The Basics of Understanding Gemstones (Part 1)

The Definition of “Gemmology”.

gemmology
dʒɛˈmɒlədʒi/
noun
noun: gemology
  1. the study of precious stones.

Our Mission…

The Gem Museum’s mission is to help people appreciate the value of gems through understanding quality and learning about authenticity. Therefore in this two part series, we would like to introduce to you 6 categories of gems and gem materials.

1) Crystal Systems

First of all, here is a need to first understand crystals, in order to understand the structural and optical properties of gemstones. It is from here that you can identify the gemstones. Most miners, for example, in Thailand, Sri Lanka or Myanmar, they do not have formal education. They grow up in mines and start mining for gems at a very young age. However, they could probably identify the rough gem materials, simply based on their observations of structural and optical properties of gems.

gemstone crystals
An overview of the 7 Crystal systems
cubic system
Examples of cubic system: Diamond, spinel, garnet, fluorite
Aquamarine is in the Hexagonal crystal system.

2) Organic Gem Materials

Most people do not realise that these are considered gems too. One of the classification of gem materials is ‘organic’ gems. Organic gems mean that the gem materials was formed through process involving life organisms and some examples are amber, pearls, and even petrified wood.

Fossilized Coral

3) Phenomenal Gems

Finally, in this post, we will talk about some gemstones with special optical effects. Phenomenal Gems have very unusual optical properties. Not all gem materials exhibit optical phenomenal. The optical phenomenal of a gem material could be due to internal reflection of the inclusions, such as cat’s-eye. Another possibility is the structural arrangement of the material, such as moonstones that give the moonlight sheen, described as “Adularescence”. Most of all, our gem museum has a unique collection of double stars and we are still in the midst of searching for more double stars too!

star sapphire
A star sapphire set in a ring.
Labradorite exhibits an optical effect that is due to interference caused by the layering of the material.

In conclusion, there are many ways to categorise and classify gem materials. Hence, look out for the next part of this blog, so that you can understand more about gems and gemstone materials!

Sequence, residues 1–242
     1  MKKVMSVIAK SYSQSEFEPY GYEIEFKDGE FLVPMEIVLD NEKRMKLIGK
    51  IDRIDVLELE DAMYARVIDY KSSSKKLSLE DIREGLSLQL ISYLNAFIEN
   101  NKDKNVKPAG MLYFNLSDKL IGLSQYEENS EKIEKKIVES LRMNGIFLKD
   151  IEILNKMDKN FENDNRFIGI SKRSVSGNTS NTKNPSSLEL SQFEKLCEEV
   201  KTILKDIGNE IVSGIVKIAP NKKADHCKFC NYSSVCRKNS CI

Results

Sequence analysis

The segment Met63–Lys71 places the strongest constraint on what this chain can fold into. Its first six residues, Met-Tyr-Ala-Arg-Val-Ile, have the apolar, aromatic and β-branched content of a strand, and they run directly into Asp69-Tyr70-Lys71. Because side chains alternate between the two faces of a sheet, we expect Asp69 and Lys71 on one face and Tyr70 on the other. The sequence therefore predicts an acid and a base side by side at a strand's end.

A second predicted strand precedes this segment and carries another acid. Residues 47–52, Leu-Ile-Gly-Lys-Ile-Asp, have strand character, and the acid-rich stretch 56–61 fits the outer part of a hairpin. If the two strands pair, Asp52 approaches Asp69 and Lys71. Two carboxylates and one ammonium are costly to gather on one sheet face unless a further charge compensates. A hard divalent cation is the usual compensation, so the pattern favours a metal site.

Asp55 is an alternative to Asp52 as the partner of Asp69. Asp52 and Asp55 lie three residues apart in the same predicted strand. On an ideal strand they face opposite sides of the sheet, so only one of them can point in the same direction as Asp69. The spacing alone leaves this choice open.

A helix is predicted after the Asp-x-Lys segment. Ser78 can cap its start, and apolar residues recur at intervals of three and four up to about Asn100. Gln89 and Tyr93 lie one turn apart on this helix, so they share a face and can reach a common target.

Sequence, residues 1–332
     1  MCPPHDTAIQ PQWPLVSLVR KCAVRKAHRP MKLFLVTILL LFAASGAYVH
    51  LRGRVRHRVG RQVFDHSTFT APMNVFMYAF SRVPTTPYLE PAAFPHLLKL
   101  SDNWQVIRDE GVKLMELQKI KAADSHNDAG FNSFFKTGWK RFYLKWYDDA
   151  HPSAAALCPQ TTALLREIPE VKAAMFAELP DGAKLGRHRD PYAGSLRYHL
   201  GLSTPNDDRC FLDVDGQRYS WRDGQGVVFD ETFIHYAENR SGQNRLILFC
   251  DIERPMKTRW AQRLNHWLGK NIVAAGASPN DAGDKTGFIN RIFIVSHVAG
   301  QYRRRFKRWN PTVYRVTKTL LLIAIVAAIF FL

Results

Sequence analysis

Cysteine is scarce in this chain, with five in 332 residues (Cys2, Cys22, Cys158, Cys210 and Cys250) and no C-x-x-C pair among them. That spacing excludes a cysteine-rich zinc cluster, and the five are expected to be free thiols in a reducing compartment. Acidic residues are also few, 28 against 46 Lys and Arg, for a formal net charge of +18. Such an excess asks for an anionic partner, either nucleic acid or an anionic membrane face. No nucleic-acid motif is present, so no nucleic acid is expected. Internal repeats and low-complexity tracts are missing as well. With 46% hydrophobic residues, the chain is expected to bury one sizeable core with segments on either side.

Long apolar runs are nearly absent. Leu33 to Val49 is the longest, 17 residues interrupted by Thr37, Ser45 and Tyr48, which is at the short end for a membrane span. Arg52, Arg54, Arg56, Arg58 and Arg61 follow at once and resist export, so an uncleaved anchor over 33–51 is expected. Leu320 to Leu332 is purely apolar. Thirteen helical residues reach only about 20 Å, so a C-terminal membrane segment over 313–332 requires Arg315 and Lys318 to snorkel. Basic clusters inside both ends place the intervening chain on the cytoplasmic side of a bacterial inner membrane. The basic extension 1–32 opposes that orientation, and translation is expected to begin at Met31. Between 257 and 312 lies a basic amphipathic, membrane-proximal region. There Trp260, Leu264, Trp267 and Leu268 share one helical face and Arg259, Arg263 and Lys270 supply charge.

Crystals, Minerals & Rocks

What are crystals?

Crystals are solid material in which the atoms are arranged in regular geometrical patterns. The crystal shape is the external expression of the mineral’s regular internal atomic structure. Temperature, pressure, chemical conditions and the amount of space available are some of the things that affect their growth. Many crystallise from watery solutions, some from molten rock as during volcanic eruptions when lava cools rapidly.

Each mineral will always form in a range of crystal shapes. Although there are literally thousands of minerals, their crystal shape can be grouped on the basis of their symmetry into seven systems of three dimensional patterns, namely: octagonal, tetragonal, trigonal, hexagonal, orthorhombic, monoclinic and triclinic. (source: gemrock.net)

 

What are minerals?

Minerals are made of elements. Elements are simple substances that cannot be broken down into any other substance. The name of an element is written down as a combination of letters called a symbol, e.g: sodium is Na; chlorine is Cl. Salt, a combination of sodium and chlorine is thus written as a formula symbol NaCl. Many minerals are made up of large numbers of elements, so their formulas are complex. The most common minerals are those based on silicon and oxygen, Si04.

People value and search for minerals for many different reasons. Most are useful as they are the raw materials of the metals we manufacture into goods. The lead in a pencil is the mineral graphite mixed with clay. Precious metals are used in commerce and other minerals are valued as gems.

Minerals are either found in shapeless lumps which we call ‘massive’ or they can form into the special shapes we recognise as crystals. Most minerals form within the spaces between other minerals and grow into rough shapeless masses. However, if they are able to form freely in a hole or cavity in the surrounding rock the mineral takes the form of a crystal and these crystal lined cavities are called geodes, vugs or pockets. (source: gemrock.net)

 

What are rocks?

Rocks are combinations of one or more minerals that we find in nature. They can be big or small. There are three types of rocks: igneous (where you find quartz), metamorphic (where you find jadeite), sedimentary (where you find sandstones). Only a few minerals are rock forming and most rock is made from a combination of the commonest of these such as feldspars, quartz, mica, olivine, calcite, pyroxene and amphiboles. Most other minerals, of which there are over 3,000 different types, are rarely present in quantities large enough to be considered rock forming. (source: gemrock.net)

 

If you would like to know more about crystals, minerals and rocks, come and visit The Gem Museum where you will find a whole array of these samples. We look forward to welcoming you!